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  • I have a web application which I test locally and deploy on EC2 instance
  • I am using local nginx configuration which looks like as
location /static/ {       alias /home/me/code/p/python/myapp/static/;
    # if asset versioning is used
    if ($query_string) {
        expires max;
    }
}     location /templates/ {      alias /home/me/code/p/python/app/templates/;
    # if asset versioning is used
    if ($query_string) {
        expires max;
    }
}

On EC2 instance, the only thing that would change is the path, e.g.

/home/me/code/p/python/myapp/static/ to /User/ubuntu/code/p/python/myapp/static/

  • To make this happen I change the configuration to look like

~/code/p/python/myapp/static/

but this didn't work, it shows the path

/etc/nginx/~/code/p/python/myapp/static/

which is not right

Question - Is it possible to include environment variables in nginx conf?

What I want - Nginx conf, which can read variables on specific machines to create paths, so that I don't have to change it per machine and code is reusable

Thank you

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rather than changing your production server, how about setting up symlinks on your computer to match your server? lots of benefits in keeping paths the same if possible –  Avibodha Jan 31 at 0:18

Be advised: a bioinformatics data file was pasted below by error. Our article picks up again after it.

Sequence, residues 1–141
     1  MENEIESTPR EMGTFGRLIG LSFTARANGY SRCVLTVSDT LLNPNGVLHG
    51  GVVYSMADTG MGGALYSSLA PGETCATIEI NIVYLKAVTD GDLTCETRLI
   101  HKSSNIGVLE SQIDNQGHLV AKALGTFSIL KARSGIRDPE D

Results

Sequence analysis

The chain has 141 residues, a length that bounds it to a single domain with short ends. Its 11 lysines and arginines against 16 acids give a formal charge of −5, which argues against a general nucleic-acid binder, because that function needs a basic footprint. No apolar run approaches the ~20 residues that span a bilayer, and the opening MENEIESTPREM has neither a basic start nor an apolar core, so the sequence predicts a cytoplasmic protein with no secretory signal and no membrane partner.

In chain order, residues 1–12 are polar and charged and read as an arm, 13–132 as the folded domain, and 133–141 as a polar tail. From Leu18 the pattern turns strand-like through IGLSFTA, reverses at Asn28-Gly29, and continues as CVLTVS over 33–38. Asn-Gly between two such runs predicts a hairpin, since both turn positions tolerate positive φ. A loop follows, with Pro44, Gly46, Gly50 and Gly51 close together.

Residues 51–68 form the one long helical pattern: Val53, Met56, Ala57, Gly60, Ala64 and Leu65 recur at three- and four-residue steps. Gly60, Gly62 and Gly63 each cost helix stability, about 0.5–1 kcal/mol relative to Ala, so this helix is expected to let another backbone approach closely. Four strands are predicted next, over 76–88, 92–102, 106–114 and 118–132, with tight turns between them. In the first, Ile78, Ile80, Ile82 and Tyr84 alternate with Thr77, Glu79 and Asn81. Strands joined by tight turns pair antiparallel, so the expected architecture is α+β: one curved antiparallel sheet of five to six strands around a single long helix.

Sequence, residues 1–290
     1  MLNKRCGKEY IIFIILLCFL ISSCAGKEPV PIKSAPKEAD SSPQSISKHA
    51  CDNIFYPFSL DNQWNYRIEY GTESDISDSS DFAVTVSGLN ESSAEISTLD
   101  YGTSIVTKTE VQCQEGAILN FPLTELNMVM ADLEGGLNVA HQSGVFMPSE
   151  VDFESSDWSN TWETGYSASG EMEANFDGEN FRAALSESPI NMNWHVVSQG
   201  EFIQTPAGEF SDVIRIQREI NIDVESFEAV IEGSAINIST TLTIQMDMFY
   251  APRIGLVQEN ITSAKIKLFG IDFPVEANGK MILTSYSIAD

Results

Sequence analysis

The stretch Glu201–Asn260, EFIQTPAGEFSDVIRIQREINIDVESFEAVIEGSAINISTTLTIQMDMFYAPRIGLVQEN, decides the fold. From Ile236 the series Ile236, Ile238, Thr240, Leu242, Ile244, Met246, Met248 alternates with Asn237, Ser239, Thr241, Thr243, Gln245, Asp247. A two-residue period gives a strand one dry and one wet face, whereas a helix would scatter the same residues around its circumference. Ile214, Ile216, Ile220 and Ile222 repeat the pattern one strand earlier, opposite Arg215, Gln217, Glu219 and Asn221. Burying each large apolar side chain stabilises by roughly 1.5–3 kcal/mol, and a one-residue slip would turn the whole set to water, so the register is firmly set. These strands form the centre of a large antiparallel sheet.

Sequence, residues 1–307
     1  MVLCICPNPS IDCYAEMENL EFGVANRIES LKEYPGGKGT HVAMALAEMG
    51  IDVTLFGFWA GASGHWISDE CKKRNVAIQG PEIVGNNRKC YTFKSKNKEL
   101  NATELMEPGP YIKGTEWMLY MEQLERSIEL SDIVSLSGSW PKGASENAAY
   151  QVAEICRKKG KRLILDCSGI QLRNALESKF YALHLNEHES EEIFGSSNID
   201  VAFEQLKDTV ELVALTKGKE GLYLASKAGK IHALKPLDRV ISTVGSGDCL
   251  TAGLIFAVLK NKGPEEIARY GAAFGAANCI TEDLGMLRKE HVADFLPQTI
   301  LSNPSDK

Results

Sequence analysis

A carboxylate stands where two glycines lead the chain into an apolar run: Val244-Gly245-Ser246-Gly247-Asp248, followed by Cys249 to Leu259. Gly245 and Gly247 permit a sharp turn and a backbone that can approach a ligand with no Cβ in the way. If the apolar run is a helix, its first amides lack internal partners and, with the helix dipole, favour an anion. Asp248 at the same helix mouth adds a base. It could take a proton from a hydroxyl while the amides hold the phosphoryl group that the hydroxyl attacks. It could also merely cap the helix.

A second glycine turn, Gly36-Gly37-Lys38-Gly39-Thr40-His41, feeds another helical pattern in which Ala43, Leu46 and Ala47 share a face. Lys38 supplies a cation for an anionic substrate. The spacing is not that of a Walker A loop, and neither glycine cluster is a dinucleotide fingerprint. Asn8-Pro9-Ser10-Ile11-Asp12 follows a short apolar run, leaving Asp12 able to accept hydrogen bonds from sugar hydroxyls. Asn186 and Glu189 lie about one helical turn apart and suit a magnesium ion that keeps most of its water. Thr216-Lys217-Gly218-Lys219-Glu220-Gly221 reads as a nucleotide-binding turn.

1 Answer 1

Two ways of doing this:

  1. As suggested above, symlinking is a really good way of making paths match on machines, while keeping code in one place. A symbolic link basically is an alias; if /link is a symlink for /file, when you ask for /link, you'll get /file.

    ln -s /file /link
    
  2. Using include statements. In nginx, you can include variables.conf;. E.g.

    nginx.conf:

    include variables.conf
    
    ...
    
    http {
       listen $port;
       ... 
    }
    

    variables.conf:

    set $foo "Something";
    set $bar "Else";
    set $port 80;
    
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